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22 July 2018

Today was a big day!! I’ve been waiting to get onto the engines as they are the last of the big stuff and bring it all together.

This morning I got two sets of engine formers printed, stencilled and cut.

Thanks to my friends Patrick for the CAD drawings and David for the packaging ply. I had just enough to get them all done.


25 July 2018

Intake fans. I’m really excited! I’m starting to design some of the moving parts in the engines. The only way I can make sense of the intakes is that they are louvres that can change pitch to seal shut in space, but open in atmosphere. It’s not a very well thought out design, as from an engineering perspective, there are far better ways to do it.

They look fixed and are off centre, so they certainly can’t spin. I wish they could. It would look so much cooler if they did.

Using the first two formers of the starboard engine, I’m experimenting with some insulation board. I’ve bent it around and taped it in place, to see if it develops a curve memory overnight. If it does, I can then trim it to fit in between the boards. I’m also trying a heat gun to see if I can help it along.

27 July 2018

I’m going to try making them as fitted radial louvres and see how I feel about it. If I don’t like it, I will make the intakes spinning fans. To create the angle I have screwed some large wood screws into the timber behind the blades, using them as elevation gauges and a stop to set the height, then screwed down the trailing edge of each blade. I’ve painted the backing board a mat black, so it looks like you are looking into a dark engine cavity through the gaps in the louvres. Subject to change of course. Let’s see what happens.

4 August 2018

I tried it. I don’t like it. I remade it.

A spinning fan, when stationary, looks pretty much the same, so I grabbed an old pedestal fan motor and re-made the fan with oversized and overlapping blades this time. I have to source some thrust-bearings to square up the fan-plate and take the wobble out of it, but it is symmetrical, balanced and looks great in motion.


The fan has to go inside the ship’s fuselage just behind the cockpit, but that’s really no biggie. Even some of our modern day aircraft, like the Harrier Jump Jet have a similar design. I cut a slot in the side to allow for the fan.


12 August 2018

Modular breakdown of the engine nacelles. The engines are 2.41 metres, even before the exhaust goes on the end, so I’ve decided to break them in half for ease of storage, transport and assembly on site. Today I got the first half of the port nacelle framed up and formers spaced apart.

14 August 2018

The race against time! Once you open a can of this stuff, you have to use it all in one go or risk it going off in the can, or leaking propellant so you end up with a can of glue and nothing to push it out. It’s amazing how solid and rigid the structure becomes with all the polystyrene glued in place. I also reinforced it by gluing in a double wall behind the skin once it set. Ready for sanding.

18 August 2018

Welding engine frames continued.

My fortnightly Saturday off to work on the project has been building up. Friday afternoon I picked up all the steel to finish the engine frames.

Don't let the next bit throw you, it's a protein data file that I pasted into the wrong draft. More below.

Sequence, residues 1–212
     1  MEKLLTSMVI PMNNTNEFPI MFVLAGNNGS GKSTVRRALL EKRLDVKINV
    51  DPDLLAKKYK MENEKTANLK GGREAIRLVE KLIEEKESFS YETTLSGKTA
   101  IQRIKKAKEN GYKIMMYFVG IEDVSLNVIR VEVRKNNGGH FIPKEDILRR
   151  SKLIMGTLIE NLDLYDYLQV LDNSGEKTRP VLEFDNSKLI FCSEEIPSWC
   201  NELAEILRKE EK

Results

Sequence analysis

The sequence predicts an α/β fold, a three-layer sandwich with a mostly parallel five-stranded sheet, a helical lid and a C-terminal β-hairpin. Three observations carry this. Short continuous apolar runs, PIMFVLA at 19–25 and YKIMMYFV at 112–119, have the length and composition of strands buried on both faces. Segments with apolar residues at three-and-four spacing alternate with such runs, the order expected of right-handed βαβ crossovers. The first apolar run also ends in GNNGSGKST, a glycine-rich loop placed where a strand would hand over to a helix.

I had to settle for galvanised steel as they were out of stock of the plain blue painted. I hate gal. Been poisoned badly before, welding this shit. Lots of extra grinding of the joints prior to welding to reduce it. Window and shed door wide open, fan on full blast…let’s get this over with.

25 August 2018

Starting to skin starboard engine nacelle. Each engine is 2.4 metres long, with approx 1 metre of exhaust cone behind it.

4 September 2018

This part has been dangerous! Trying to prop the engines in position alone, against the side of the Viper to check for fit. The modules aren’t that heavy for a one person lift, but they are EXTREMELY cumbersome. Mainly because they haven’t got a hard shell on them yet, so I can’t grab and lift from convenient edges.

Now they are in position, I can plan and weld on the attachment struts from frame to frame, using engineering geometries to strengthen it for support.

15 September 2018

Fitting the starboard engine.

27 October 2018

Top engine nacelle.

31 October 2018

3 November 2018

12 November 2018

This afternoon I ran the new orbital sander over the top engine nacelle, with a 40-grit pad. Wow! This thing does an awesome job!

13 November 2018

Outside surfaces all shaped and sanded. Inside of intake also. Some preliminary detailing next. Love this little orbital sander.

14 November 2018

“Turkey feathers”. These are the parts around the exhaust cone that can contract by overlaying to reduce the aperture and increase thrust.
For the first one I plotted out, I had no real dimensions on it. I judged the thickness of each based on recognisable objects in some photos. I can adjust as i go. I need to make roughly 20 per engine.
I’ve taken one turkey feather to completion to use as a benchmark and painted it primer grey, aluminium silver overcoat and a light spray of black over the top for that burnt, carbon-scored look. I’ve also made a template to trace for the rest.
File reference photo from one of the BSG Auctions.
I have lots of concurrent activities going on now to make the most of any spare time I have.
While I am working on the exhaust cone outers and their interior turbine assemblies, I will also be continuing to skin the rest of the Viper and start installing all the ports for the reaction control system, (RCS). These mini thrusters are positioned around the spacecraft to provide attitude control in space. Aerodynamics there obviously does not apply but instead, Newtonian physics takes over. RCS can help by, “pointing” the craft in the desired direction while thrust rearward is applied. To reverse direction, thrust is cut, RCS flips/inverts the craft, then thrust is re-applied in the opposite direction to slow down, stop, or power into a new direction.
One of the reasons I really like this sci-fi ship, is because of this reasonably scientific application of space flight, instead of flying around in curves like you see in other shows. No more force-fields, beaming tech, lasers, or aliens. Bullets, bombs, missiles, nukes, armour plating and badass robots.

18 November 2018

I need 20 of these, “Turkey feathers”, for each engine exhaust nozzle. By the time I’ve added a frame, lining and internal details it’s starting to get pretty heavy. The box-full you see below is enough for one nozzle, each feather comprising three shaped layers of plywood. To reduce weight, I’ve cut material out of the bottom layer with a hole saw. It’s made a big difference.

I’ve moved the top engine nacelle out of the workshop and next to the Viper so that I can work on the rear exhaust and get my workshop back. I had to keep climbing under it to move around my workbenches.

Tonight I continued skinning the engines with recycled polystyrene produce boxes. I can’t wait to hit this with the sander later in the week!

24 November 2018